You’re finally headed down College Street and looking forward to what lies ahead. Opportunities are endless—where you want to go to school, what you want to study, experiences and activities are there for the taking. But you know you will need help getting there. You opened your wallet and flies just emerged; it’s that empty. The next logical step is financial assistance. How do you get it? Paperwork. To receive funds for school, an application for financial assistance is required. Let’s talk about this a bit more.
1. There are several applications to be completed for financial aid, but first thing is first: the FAFSA.Every college student will hear this acronym for every single year of their education, so learn it now friends. FAFSA=Free Application for Federal Student Aid. It’s a mouthful, so just remember that FAFSA-->college money. Of any financial assistance form you fill out, this number one. To complete it, get out the following: tax information (yours and your guardian’s) and income information. These details will need to be indicated on the application, as well as whether you are interested in participating in a Work Study program (jobs that specifically pay for college expenses) and others. All of this information will help the government to determine your level of financial need, and thus the loans and grants you will qualify for. Expect a report back on your application status within about a month. Remember that the FAFSA is due by June 30th of each year, though each university maybe establish its own deadline.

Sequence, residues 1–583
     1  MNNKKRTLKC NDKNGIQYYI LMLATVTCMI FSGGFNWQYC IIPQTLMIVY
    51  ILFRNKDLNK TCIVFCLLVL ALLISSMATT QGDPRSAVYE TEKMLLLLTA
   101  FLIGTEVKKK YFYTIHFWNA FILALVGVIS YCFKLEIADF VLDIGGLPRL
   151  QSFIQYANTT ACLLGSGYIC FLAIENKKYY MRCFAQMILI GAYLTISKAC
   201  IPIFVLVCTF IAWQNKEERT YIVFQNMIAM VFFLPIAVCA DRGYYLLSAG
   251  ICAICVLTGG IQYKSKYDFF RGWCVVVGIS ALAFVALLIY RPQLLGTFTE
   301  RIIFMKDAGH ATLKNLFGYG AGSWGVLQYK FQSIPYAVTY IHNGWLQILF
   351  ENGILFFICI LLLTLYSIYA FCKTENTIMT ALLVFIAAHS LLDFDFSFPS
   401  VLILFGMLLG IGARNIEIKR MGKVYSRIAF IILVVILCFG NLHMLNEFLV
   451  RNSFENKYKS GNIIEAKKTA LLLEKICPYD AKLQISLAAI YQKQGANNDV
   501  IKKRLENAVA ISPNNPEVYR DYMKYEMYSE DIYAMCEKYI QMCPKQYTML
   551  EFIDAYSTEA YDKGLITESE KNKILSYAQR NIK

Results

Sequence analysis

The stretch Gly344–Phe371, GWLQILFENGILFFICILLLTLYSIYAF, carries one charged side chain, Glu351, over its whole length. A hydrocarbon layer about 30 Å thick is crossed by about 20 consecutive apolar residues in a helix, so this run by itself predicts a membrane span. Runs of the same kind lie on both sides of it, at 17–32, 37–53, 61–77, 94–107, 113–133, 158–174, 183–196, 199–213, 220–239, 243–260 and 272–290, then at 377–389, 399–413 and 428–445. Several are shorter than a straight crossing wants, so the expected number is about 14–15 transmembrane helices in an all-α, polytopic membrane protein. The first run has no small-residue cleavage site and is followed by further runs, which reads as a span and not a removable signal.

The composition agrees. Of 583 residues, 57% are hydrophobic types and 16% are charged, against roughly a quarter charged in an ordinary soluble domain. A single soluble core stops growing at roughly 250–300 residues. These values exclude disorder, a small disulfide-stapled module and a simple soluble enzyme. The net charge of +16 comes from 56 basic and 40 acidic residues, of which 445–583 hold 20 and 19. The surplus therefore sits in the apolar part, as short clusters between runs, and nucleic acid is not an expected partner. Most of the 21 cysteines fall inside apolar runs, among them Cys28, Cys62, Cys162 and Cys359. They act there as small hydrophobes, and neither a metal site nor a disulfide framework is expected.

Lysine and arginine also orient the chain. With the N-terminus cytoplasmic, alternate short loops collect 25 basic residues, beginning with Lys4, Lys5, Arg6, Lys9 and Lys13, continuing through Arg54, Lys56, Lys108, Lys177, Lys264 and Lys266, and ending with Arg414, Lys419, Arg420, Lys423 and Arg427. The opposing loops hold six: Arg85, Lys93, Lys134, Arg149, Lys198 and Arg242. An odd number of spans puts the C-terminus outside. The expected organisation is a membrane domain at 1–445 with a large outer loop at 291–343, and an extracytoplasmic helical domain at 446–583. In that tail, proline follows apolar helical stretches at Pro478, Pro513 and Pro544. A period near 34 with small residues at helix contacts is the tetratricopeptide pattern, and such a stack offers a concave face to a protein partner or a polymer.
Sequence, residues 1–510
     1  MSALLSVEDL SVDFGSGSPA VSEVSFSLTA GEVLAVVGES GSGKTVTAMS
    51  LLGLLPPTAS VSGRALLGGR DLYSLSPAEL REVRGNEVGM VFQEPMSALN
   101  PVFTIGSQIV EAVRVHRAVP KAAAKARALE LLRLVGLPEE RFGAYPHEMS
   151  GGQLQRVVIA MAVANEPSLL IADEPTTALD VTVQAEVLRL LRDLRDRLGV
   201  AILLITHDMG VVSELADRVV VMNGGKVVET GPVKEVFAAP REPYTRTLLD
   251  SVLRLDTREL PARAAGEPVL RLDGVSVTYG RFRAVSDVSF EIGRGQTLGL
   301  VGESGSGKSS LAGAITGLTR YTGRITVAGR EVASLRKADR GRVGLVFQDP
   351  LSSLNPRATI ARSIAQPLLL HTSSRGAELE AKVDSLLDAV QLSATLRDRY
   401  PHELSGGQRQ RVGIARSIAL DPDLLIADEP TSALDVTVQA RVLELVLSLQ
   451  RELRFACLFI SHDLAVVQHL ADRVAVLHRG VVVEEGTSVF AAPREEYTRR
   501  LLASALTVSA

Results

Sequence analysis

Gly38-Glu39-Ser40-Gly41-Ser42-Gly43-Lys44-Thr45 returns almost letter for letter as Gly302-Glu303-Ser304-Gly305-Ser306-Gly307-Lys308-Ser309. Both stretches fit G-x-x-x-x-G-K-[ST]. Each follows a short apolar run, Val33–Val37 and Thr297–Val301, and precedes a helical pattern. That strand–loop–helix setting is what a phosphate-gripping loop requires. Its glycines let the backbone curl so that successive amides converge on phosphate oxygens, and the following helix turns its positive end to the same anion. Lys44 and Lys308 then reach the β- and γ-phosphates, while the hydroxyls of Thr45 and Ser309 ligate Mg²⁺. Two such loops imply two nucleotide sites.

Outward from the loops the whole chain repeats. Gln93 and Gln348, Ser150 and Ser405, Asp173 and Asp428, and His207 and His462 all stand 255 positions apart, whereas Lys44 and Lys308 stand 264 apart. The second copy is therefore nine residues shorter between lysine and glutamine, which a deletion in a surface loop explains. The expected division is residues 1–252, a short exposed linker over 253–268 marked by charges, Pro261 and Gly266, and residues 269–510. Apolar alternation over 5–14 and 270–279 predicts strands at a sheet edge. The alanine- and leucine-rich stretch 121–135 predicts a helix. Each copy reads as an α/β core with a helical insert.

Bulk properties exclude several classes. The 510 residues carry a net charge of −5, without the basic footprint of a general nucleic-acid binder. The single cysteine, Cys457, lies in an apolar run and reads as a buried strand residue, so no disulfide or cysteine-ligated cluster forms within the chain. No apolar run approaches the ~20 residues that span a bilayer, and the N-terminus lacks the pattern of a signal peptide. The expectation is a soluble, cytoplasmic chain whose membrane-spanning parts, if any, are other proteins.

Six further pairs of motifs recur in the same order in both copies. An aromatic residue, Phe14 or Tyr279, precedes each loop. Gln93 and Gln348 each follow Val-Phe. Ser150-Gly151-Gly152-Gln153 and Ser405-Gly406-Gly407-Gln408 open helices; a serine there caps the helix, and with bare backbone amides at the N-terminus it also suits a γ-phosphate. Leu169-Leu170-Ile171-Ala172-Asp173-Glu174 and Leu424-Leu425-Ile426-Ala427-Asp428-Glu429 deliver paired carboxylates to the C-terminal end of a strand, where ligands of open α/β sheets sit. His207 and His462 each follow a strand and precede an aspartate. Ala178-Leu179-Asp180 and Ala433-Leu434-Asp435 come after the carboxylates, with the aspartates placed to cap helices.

2. Another big application for financial assistance is the College Scholarship Service (CSS) Profile. This is a financial aid supplement form often required by private universities. The Profile figures out an individual’s Expected Family Contribution (EFC). The FAFSA does this, but the CSS Profile considers money sources like home equity too. The CSS Profile costs $9 for the application and $16 for each copy. Remember that every form has a deadline. The CSS profile should ideally be submitted in October of the senior year of high school (for first time filers). Just as you needed loads of financial information for the FAFSA, the same applies here. It will help to have these items handy: W-2 forms, tax forms, investment records and bank statements. The CSS Profile will determine if you are eligible for non-government financial aid, i.e. institutional grants, scholarships and loans.
Now of course there’s always a chance of encountering other applications. One to keep tucked within the gray matter is an application for a private loan. These vary and will be discussed with a private lender or bank. Otherwise, you should be right on track with understanding how to apply for financial aid for college. Go Financial Aid is here to help and provide sound solutions to any financial aid inquiries.